The problem is first that a Section 4(a)(5) offering is limited to $5 million dollars. More importantly though, a Section 4(a)(5) offering (unlike a Rule 506(c) offering) CANNOT use general solicitation. Verbatim, Section 4(a)(5) provides as follows (emphasis added):

“transactions involving offers or sales by an issuer solely to one or more accredited investors, if the aggregate offering price of an issue of securities offered in reliance on this paragraph does not exceed the amount allowed under section 3(b)(1) of this title, if there is no advertising or public solicitation in connection with the transaction by the issuer or anyone acting on the issuer’s behalf, and if the issuer files such notice with the Commission as the Commission shall prescribe.”

Sooooo, when you put all this legal mumbo jumbo together, what do you have? You have an amended bill that creates a new pool of “accredited investors” who can invest in offerings that are under $5 Million and that are NOT advertised over the net. Yeah, that’s probably not going to move the needle much.

The Punchline:

name-names2Without naming names, I have talked to certain individuals involved with the bill about the amendments that were made from the original form of the bill. I can tell you that the removal of categories 2-5 mentioned above was intentional. I never got a clear answer as to why except some hints that certain political parties felt these categories were too broad, and that category number 5 would lead to an industry of test providers which was not a good idea (Huh??). I can also tell you that the legal effectiveness issue discussed above was NOT intended. The reasoning for this change is even cloudier.

Apparently certain constitutional (i.e. non-practicing) attorneys felt that approving a change to Section 2(a)(15) would force the SEC to change the definition under Rule 501. I am not sure I follow the logic here (and I am not alone), but even IF they are correct when might we expect such a change and who is going to enforce it? Hey constitutional attorneys, remember when Congress SPECIFICALLY REQUIRED the SEC to Issues final Title III rules within 270 days of the passing of the JOBS Act? That only took 3 years and they had a specific Congressional deadline. Lord knows how long a forced change like the one proposed by the constitutional attorneys might take. Moreover, in the interim, the bill will create a weird bi-furcated definition of “accredited investor” and I just cannot see any practicing securities attorney recommending an issuer to rely on a definition that is not codified under Rule 501. Whatever categories of covered persons the final bill ended up including, the changes simply should have been made to Rule 501 as originally proposed.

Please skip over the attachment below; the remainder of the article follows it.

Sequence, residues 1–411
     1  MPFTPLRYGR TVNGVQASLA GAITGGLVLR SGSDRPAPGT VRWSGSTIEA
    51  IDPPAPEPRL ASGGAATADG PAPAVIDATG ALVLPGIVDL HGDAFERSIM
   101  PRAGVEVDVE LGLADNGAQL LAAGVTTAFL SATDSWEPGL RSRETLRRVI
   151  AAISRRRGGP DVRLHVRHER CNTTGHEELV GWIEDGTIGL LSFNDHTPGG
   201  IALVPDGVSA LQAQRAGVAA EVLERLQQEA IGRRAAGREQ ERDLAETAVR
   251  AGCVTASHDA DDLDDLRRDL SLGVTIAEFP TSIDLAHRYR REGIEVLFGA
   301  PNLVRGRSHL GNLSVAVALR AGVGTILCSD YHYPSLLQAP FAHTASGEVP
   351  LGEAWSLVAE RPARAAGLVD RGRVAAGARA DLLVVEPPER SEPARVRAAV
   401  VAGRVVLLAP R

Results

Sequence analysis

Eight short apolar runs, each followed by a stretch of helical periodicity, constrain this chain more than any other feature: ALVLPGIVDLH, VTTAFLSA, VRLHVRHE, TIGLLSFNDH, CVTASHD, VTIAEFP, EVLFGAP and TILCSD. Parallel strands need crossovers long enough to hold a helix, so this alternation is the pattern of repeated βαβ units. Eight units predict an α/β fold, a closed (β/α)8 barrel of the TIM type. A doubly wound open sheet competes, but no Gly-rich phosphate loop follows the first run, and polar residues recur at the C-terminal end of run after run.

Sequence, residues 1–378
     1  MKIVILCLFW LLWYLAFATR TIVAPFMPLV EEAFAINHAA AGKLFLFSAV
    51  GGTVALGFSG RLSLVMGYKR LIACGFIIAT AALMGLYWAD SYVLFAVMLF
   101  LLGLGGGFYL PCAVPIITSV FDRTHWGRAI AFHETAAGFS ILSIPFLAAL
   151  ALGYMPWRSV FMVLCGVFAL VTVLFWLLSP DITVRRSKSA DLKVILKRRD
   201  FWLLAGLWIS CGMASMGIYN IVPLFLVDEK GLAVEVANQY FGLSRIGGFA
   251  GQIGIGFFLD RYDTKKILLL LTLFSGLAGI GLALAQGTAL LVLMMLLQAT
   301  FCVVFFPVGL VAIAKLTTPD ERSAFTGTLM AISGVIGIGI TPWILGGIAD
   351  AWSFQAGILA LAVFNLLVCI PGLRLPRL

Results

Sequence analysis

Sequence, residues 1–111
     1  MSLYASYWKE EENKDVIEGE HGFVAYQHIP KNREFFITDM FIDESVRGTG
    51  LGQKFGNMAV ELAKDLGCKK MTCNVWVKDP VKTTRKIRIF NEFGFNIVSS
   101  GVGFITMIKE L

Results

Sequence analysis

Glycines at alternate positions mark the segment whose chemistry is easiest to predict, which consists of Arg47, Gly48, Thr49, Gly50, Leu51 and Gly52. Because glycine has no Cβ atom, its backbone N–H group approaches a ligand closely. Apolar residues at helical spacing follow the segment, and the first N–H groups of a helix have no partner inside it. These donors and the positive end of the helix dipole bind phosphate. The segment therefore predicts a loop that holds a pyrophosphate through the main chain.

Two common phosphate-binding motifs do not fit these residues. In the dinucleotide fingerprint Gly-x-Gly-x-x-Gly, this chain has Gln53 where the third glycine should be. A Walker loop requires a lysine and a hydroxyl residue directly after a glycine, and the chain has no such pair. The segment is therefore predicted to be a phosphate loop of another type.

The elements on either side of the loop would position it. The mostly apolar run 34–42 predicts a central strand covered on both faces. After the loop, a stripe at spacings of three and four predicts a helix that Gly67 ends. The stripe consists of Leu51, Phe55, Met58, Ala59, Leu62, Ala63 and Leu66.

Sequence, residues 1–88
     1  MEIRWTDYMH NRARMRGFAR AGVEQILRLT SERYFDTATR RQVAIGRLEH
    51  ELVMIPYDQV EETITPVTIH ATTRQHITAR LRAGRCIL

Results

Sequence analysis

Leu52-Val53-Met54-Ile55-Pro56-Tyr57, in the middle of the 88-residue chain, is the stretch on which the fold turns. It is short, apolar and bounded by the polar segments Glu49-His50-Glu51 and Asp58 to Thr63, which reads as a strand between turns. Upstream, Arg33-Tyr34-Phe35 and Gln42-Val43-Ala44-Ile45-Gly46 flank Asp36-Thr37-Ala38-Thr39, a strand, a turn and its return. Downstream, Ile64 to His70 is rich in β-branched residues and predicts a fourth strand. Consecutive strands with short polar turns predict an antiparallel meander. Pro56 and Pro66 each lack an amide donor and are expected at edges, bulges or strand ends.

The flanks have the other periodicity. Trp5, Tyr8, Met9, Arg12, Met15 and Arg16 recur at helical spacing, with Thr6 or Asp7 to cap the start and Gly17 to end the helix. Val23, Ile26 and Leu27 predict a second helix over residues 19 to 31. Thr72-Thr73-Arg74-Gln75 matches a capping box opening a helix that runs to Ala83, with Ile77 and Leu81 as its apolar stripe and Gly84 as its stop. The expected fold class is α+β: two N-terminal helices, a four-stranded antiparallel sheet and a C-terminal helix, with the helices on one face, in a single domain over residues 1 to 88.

With the passing of the amended bill through the House there are limited modifications, if any, that can be made to rectify the above issues before it is presented to the Senate. I know that those working on the bill intend to make it clear in the history and discussions of the bill that the intent is, and always has been, to force the SEC to amend Rule 501 but I don’t think that is going to do much. Like I said, the SEC has its own timetable even when they are specifically required to act let alone when they are left to interpret Congressional intent.

award_ribbon_06All-in-all I unfortunately have to say that the passing of this bill by the House is more of a hollow victory than anything else. The bill, as amended, appears to have lost much of its heart in terms of those “professionals” it now covers and it does not specifically force the SEC’s hand by requiring a change to Rule 501. Whether the changes were recommended by other politicians or committee attorneys, the damage is done. Even if this bill makes it all the way through the Senate I am not sure what, if anything, it will actually do. Put another way, as I see it we are back at square 1 waiting for the SEC to act to change the definition.

About Anthony Zeoli

Anthony Zeoli is an experienced transactional attorney with a national practice. Specializing in the areas of securities, commercial finance, real estate and general corporate law, his clients range from individuals and small privately held businesses to multi-million dollar entities. Mr. Zeoli is also an industry-recognized crowdfunding, peer-to-peer (P2P) lending and JOBS Act expert and is currently an active board member and Secretary of the CfPA (Crowdfunding Professional Association) and an active member of CFIRA (Crowdfund Intermediary Regulatory Advocates). Most recently he drafted Illinois House Bill 3420, a bill which provides for an intrastate crowdfunding exemption in Illinois and which was unanimously approved by the Illinois’ house and Senate. Anthony is also currently actively involved with the entrepreneurship program at the University of Illinois at Chicago as both a mentor and a student advisor and is an active advisory board member of the New York Distance Learning Association (NYDLA).